One of the reasons all of these skills — horizontal thinking, cooperation, long-range sensibility, intelligence building, and succession planning — are more prevalent in the public sector is that public-sector leaders are able to hone them in an environment that is not profit-centric. That may be the biggest advantage for retired public-sector leaders who are entering a second career. Having developed these competencies free of the pressure of the profit-center perspective, the quarterly conference call, and a “me-first” business culture, they can adapt their abilities to a profit-focused organization with the confidence and experience to assert that some protection elements should be non-negotiable and other issues can be adjusted to help the company build value.
At the same time, it may be the biggest challenge. Entering the private sector, as Quilter frequently emphasizes, entails a jarring culture shift. Moving from an environment where profit is relatively unimportant to one where profit is king is certain to cause conflicts, and too many public-sector individuals looking to make the jump do not prepare for these differences adequately.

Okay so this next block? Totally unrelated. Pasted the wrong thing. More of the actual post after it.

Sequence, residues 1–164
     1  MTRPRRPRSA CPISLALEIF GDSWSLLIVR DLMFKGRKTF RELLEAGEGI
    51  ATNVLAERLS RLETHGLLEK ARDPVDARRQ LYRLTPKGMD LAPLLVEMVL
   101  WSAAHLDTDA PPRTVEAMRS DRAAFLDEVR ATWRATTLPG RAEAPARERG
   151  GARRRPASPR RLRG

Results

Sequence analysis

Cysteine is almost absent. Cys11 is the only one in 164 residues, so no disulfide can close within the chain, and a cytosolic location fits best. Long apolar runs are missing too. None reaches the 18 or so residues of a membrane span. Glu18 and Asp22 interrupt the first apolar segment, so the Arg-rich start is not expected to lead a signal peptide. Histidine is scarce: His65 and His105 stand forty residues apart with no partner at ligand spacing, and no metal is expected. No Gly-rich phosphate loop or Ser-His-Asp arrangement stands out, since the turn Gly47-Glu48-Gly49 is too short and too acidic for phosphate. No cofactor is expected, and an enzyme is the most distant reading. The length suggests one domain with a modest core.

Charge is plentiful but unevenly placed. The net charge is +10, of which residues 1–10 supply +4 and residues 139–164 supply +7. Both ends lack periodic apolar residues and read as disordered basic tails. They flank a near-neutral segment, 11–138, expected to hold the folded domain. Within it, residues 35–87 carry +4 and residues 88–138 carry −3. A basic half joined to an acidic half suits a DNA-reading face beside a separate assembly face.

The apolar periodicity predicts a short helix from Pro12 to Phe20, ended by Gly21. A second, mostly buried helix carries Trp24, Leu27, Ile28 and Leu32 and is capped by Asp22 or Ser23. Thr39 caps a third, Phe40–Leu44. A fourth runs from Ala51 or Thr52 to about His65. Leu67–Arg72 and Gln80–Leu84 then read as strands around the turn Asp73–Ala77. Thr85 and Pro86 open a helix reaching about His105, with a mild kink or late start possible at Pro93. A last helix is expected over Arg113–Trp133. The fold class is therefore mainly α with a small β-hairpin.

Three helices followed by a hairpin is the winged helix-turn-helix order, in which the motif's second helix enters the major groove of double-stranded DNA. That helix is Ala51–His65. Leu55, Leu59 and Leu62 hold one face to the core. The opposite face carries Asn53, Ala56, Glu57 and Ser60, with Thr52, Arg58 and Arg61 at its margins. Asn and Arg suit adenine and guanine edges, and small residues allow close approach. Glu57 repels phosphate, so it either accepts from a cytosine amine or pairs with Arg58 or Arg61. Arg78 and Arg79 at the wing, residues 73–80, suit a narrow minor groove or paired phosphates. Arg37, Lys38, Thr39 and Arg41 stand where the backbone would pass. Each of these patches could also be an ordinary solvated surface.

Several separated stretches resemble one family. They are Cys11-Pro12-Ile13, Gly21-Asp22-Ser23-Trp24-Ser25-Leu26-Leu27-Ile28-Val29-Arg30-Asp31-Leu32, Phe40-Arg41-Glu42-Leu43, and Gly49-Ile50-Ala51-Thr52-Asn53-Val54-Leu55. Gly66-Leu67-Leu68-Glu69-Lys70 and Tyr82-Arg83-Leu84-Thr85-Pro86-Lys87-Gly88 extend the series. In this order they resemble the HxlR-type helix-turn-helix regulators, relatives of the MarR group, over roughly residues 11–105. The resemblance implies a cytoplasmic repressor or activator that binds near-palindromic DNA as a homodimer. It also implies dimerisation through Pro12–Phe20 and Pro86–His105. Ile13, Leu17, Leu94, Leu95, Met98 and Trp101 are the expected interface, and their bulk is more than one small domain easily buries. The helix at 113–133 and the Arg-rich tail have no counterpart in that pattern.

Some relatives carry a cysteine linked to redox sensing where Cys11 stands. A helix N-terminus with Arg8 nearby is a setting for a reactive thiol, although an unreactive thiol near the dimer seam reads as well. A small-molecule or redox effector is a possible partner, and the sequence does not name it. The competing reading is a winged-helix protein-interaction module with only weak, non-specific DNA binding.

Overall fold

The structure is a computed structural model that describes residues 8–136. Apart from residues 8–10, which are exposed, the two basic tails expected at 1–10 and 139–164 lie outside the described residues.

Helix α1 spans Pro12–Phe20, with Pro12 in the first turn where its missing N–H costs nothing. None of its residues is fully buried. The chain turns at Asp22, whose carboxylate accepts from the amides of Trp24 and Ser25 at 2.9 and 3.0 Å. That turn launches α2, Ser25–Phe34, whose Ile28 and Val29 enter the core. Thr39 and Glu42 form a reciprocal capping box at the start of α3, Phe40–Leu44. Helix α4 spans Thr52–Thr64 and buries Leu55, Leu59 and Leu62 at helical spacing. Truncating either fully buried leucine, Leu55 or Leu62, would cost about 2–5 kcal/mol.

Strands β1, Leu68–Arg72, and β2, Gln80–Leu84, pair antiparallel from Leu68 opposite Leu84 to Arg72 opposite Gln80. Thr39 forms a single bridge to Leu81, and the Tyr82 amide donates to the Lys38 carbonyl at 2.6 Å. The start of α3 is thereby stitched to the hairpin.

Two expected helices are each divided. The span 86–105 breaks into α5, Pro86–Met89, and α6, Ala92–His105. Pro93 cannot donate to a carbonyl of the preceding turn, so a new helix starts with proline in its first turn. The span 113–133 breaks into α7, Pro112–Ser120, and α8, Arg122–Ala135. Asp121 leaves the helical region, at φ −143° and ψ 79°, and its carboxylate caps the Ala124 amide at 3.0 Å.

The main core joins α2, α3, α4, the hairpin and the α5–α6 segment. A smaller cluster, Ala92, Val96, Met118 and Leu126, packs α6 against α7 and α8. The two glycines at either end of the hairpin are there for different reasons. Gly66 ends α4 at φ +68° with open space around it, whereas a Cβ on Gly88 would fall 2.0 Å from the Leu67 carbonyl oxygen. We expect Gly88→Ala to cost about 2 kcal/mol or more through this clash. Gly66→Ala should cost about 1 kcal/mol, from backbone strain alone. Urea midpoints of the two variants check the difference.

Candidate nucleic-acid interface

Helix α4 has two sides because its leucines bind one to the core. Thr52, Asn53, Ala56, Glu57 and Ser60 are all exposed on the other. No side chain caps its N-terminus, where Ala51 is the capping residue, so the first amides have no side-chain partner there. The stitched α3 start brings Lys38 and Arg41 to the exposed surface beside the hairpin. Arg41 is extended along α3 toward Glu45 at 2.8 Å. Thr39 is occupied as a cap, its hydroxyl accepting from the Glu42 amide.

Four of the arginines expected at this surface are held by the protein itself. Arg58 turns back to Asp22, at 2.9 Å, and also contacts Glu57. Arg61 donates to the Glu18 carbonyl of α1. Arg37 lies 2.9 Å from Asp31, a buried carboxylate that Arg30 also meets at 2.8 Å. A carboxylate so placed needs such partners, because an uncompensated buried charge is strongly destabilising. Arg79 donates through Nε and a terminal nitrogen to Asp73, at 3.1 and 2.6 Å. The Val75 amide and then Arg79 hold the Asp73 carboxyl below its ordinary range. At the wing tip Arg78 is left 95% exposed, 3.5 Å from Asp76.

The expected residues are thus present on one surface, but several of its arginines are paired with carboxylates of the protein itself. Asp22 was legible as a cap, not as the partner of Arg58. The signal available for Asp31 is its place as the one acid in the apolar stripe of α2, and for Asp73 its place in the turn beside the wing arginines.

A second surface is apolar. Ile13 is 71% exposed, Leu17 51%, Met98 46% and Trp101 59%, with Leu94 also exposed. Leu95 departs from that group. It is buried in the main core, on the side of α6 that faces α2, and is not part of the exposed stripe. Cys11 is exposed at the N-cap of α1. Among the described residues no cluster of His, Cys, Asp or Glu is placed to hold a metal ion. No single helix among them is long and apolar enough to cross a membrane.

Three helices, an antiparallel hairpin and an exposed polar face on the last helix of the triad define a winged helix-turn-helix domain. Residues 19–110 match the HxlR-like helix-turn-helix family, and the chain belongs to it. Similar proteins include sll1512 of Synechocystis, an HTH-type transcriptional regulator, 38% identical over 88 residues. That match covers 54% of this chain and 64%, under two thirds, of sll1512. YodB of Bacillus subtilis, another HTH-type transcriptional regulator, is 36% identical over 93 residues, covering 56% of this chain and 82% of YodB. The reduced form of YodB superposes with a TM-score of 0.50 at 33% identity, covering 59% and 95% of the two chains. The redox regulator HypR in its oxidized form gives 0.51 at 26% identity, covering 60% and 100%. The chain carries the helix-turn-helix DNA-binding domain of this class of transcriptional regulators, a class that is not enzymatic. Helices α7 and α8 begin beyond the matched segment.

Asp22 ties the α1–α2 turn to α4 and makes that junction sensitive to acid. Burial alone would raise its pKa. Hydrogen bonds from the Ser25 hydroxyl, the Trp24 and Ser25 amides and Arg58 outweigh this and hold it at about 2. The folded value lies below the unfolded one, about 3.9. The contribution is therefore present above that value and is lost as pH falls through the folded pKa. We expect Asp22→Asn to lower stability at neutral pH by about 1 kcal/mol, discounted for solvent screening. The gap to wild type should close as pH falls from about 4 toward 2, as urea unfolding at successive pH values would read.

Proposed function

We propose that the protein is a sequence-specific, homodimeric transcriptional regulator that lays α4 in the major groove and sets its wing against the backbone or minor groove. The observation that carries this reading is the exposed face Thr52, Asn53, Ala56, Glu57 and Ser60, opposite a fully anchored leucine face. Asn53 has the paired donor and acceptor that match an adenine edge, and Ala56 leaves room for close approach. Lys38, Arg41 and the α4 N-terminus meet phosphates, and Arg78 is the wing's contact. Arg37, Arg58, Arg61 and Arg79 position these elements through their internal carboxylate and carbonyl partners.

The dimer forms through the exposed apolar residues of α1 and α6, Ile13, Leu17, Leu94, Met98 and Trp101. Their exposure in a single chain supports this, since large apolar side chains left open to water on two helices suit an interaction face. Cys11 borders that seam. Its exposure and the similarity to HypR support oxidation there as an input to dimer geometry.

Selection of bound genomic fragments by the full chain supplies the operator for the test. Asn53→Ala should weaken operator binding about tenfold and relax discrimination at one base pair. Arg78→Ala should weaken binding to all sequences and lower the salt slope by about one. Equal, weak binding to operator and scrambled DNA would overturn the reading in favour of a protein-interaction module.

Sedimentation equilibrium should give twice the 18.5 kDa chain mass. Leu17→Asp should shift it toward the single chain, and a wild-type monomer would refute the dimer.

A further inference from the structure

"All of the skill and know how of public-sector leaders is really tremendous," Quilter says, "but none of that will matter if they don’t know how to play the game. You have to really study business and learn how to play if you want to be able to apply these skills that you have."
Marleah Blades is senior editor for the Security Executive Council (www.securityexecutivecouncil.com/?sc=std), which provides strategy, insight and resources to risk mitigation decision makers. The Council incorporates input from all industry segments into proven practices to provide an array of options that solve pressing issues. With a faculty of more than 100 successful experienced security executives, we work one-on-one with Tier 1 Security Leaders to help them reduce risk and add to corporate profitability in the process. To learn about becoming involved, e-mail firstname.lastname@example.org.